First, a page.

Every once in a while we’re asked what is the best thing that Calgary area homeowner's can do to secure their air conditioning and heating system between their regular tune-ups? The answer is simple this; remember to change the heating and air conditioning air filter. Changing furnace and return air filters is crucial to the proper performance of your HVAC system, as well as your home's air quality. Research suggests that indoor air pollution is in the top five environmental health risks? We know it's the last thing on your mind, but this is really important stuff. Changing the air filters is not difficult for most Calgary homeowners, but there are usually two hurdles to actually completing this job:
- Understanding just how often to swap out your furnace or air conditioner filter.
- Remembering to change air filters when needed.
When To Change Your Air Filters
Most filters have a printed "expiration" date on the packaging. It may say "Lasts up to 3 months" or "Change filter every 90 days". Look around at the store and you should see that some are meant to only last a month, while other manufacturers (like Honeywell) have released media air cleaners with filters meant to be swapped once every 6-12 months. The norm seems to be once every 3 months for most higher quality filters, but we have a rule of thumb that we recommend our friends and family to go by. If they're dirty, change them! A dirty air filter can add or cause damage to expensive parts, like your compressor, so it's better to change it out more often than neglect it. If you want to listen to the manufacturer's recommended limit, we suggest marking the date on the filter when you swap it out, and programming a reminder for yourself in your phone or on a calendar. Also be aware that your filter manufacturer may have a different recommendation from your HVAC system manufacturer.
Deciding how often to change your air filters hinges on several factors:
- The type of air filter you are using
- The overall air quality of your Calgary area home
- Pets – Cats, dogs, birds, etc.
- Number of occupants in the house
- General air pollution in the Calgary area or construction taking place nearby
For your standard 1"-3" air filters, the OEM specs basically tell you to change them every 30-60 days, which is in fact a great rule of thumb. However, general rules aren't always for everybody. If you put up with light to moderate allergies, you may need to upgrade the air filter or change them even more regularly than OEM specifications. On the other hand, if you're in a remote area, own a less occupied home (like a vacation home) or an area with little auto traffic, changing your air filter every 12-months may be quite sufficient. Why should you factor in your pets? They have a tendency to shed, which can clog your air filter fast. Clearly, the air filter is just doing its job by capturing pet hair and dander, but extremely dirty filters can cause seriously reduced HVAC performance.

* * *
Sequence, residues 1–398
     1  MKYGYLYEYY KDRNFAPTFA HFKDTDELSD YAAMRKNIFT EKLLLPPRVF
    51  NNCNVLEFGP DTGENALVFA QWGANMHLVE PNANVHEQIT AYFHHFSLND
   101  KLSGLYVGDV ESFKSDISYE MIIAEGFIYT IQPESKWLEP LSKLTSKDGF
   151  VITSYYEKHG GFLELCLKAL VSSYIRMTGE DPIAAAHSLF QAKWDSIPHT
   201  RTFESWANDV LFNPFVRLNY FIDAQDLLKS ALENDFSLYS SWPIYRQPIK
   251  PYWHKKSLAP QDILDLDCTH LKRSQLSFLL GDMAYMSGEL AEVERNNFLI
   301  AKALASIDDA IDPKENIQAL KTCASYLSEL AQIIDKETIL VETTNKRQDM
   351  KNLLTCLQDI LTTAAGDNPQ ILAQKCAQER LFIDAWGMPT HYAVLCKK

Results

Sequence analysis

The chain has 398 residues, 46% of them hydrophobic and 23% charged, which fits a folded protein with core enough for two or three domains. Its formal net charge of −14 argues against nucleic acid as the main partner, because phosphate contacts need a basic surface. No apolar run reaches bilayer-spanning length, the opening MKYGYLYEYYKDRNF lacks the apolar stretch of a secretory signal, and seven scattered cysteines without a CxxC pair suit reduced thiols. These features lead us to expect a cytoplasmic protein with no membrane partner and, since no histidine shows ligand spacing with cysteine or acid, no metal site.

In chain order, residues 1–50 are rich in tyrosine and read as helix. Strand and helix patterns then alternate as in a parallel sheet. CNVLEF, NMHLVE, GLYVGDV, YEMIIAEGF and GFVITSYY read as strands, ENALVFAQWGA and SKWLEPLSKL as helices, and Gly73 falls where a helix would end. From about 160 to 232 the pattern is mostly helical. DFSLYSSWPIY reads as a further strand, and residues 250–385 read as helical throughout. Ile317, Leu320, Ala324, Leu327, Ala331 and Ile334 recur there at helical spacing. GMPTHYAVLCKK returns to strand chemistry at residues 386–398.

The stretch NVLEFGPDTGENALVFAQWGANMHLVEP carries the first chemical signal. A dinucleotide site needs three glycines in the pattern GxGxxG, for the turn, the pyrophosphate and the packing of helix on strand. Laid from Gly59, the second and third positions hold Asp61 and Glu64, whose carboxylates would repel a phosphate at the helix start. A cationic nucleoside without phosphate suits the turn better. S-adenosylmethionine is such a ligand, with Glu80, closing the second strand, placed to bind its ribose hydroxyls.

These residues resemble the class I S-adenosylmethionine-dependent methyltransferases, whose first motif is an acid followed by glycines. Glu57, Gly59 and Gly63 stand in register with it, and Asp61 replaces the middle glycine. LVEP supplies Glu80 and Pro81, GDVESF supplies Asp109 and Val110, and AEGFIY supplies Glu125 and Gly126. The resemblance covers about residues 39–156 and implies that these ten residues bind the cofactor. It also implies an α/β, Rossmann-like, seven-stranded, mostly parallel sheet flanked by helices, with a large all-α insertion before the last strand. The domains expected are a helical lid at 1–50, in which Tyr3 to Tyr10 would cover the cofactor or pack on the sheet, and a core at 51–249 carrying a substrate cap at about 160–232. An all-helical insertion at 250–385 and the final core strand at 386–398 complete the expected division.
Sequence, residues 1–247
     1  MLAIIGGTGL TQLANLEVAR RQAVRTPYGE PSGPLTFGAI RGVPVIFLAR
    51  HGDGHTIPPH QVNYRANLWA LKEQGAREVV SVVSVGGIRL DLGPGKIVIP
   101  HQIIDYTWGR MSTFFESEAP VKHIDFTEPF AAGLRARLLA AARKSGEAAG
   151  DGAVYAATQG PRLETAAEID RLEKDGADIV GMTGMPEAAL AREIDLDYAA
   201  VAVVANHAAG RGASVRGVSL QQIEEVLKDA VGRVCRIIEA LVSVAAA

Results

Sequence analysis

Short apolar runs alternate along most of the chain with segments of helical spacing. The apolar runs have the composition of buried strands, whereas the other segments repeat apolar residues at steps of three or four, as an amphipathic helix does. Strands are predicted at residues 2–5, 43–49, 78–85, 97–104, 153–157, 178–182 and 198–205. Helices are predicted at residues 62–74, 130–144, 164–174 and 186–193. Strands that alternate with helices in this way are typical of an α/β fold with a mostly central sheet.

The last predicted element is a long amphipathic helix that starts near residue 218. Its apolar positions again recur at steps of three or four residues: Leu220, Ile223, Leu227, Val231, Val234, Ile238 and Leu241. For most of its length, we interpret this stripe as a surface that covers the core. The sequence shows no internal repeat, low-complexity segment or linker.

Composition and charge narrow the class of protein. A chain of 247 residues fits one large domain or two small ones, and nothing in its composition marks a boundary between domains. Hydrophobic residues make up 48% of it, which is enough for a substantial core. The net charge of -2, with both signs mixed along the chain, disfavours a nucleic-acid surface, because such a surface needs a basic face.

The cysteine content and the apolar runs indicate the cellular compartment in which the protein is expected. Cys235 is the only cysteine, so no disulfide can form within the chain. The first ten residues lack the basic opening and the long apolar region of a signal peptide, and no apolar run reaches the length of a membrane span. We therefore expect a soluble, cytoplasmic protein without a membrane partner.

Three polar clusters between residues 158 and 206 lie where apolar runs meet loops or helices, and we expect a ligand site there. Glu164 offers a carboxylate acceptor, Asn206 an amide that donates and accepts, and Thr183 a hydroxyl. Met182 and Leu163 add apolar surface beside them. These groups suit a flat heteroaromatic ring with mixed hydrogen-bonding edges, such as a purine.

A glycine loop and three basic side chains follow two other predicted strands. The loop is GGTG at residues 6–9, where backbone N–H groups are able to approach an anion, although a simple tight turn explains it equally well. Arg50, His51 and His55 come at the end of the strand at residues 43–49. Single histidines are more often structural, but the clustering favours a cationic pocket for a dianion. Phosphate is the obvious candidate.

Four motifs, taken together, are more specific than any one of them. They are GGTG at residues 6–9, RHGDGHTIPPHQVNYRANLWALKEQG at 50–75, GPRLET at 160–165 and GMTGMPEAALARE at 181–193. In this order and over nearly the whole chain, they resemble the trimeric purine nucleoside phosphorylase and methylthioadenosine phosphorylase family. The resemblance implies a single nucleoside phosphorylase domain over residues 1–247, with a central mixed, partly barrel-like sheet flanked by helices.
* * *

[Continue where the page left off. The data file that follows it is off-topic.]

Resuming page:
- Infrequently occupied home or single occupant homes without pets or allergies: Change 6-12 months
- Typical suburban home without pets: Change every 90 days
- Add a dog or cat: Change every 60 days
- Multiple pets or have allergies: Change every 30-45 days
How To Remember To Change Your Air Conditioner's Air Filters
It's simple; sign up for the Service Experts Email Club. When you do, you can elect to receive (or not) great email coupons and newsletters with a lot of tips and discounts on AC repairs and tune-ups. Also, your email subscription preferences let’s you set a reminder to change your Calgary area home's air filter every 30, 60, 90, 120 or 365 days, or a specific date of your choice.
How to replace your return air filter
Most of us know how to replace the air filter in their unit, but some homes have an additional filter in the return vent. Whether you have one or not is dependent on the HVAC manufacturer's recommendation. Your system is made to handle a certain amount of pressure in your house, and the more filters you have the fiercer the blower motor works, which can reduce the lifespan of your system if it isn't designed for it. Finding out whether you have a return filter and replacing it is simple:
- Locate your return air vents.
- Some covers have screws and some have tabs. Unscrew or pull tabs to pull off the wall.
- Check for a filter. If one is in place, pull it out and note the size.
- Verify the filter type is the one recommended by the manufacturer.
- If filter is dirty, replace with the manufacturer's recommended filter of the same size and type.
Crazy as it may seem, filters can really alter your home's airflow, which is why we recommend asking the manufacturer. A higher quality HEPA filter that is designed to catch finer dust will restrict airflow more than a cheaper filter. With restricted airflow comes more pressure on your system, so you ought to verify that your HVAC system was built to handle it. Otherwise, you could experience uneven heating and cooling efficiency in your home, and HVAC parts may break down much faster than the standard.